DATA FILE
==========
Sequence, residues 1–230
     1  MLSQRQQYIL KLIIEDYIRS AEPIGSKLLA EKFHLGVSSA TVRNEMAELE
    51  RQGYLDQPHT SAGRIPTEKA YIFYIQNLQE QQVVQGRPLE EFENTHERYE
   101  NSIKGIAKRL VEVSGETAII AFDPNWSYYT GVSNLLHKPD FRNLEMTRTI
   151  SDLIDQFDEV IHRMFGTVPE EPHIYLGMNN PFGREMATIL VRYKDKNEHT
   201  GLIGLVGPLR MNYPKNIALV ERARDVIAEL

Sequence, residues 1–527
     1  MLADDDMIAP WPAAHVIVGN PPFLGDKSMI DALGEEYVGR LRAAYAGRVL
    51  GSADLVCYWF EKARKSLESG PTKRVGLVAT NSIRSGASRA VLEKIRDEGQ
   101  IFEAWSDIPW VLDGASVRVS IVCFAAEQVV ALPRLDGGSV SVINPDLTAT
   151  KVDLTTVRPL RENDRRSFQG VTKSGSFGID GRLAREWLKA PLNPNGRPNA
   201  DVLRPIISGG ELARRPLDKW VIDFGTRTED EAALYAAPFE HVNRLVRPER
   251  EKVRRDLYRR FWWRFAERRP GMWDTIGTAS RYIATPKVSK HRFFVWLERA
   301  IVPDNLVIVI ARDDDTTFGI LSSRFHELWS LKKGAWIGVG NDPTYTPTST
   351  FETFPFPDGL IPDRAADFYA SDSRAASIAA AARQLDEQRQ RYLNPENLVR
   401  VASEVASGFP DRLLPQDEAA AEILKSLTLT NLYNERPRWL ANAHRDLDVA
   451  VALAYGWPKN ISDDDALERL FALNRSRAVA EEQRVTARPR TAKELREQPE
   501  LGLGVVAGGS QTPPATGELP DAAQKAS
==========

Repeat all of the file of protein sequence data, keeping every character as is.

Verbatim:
Sequence, residues 1–230
     1  MLSQRQQYIL KLIIEDYIRS AEPIGSKLLA EKFHLGVSSA TVRNEMAELE
    51  RQGYLDQPHT SAGRIPTEKA YIFYIQNLQE QQVVQGRPLE EFENTHERYE
   101  NSIKGIAKRL VEVSGETAII AFDPNWSYYT GVSNLLHKPD FRNLEMTRTI
   151  SDLIDQFDEV IHRMFGTVPE EPHIYLGMNN PFGREMATIL VRYKDKNEHT
   201  GLIGLVGPLR MNYPKNIALV ERARDVIAEL

Sequence, residues 1–527
     1  MLADDDMIAP WPAAHVIVGN PPFLGDKSMI DALGEEYVGR LRAAYAGRVL
    51  GSADLVCYWF EKARKSLESG PTKRVGLVAT NSIRSGASRA VLEKIRDEGQ
   101  IFEAWSDIPW VLDGASVRVS IVCFAAEQVV ALPRLDGGSV SVINPDLTAT
   151  KVDLTTVRPL RENDRRSFQG VTKSGSFGID GRLAREWLKA PLNPNGRPNA
   201  DVLRPIISGG ELARRPLDKW VIDFGTRTED EAALYAAPFE HVNRLVRPER
   251  EKVRRDLYRR FWWRFAERRP GMWDTIGTAS RYIATPKVSK HRFFVWLERA
   301  IVPDNLVIVI ARDDDTTFGI LSSRFHELWS LKKGAWIGVG NDPTYTPTST
   351  FETFPFPDGL IPDRAADFYA SDSRAASIAA AARQLDEQRQ RYLNPENLVR
   401  VASEVASGFP DRLLPQDEAA AEILKSLTLT NLYNERPRWL ANAHRDLDVA
   451  VALAYGWPKN ISDDDALERL FALNRSRAVA EEQRVTARPR TAKELREQPE
   501  LGLGVVAGGS QTPPATGELP DAAQKAS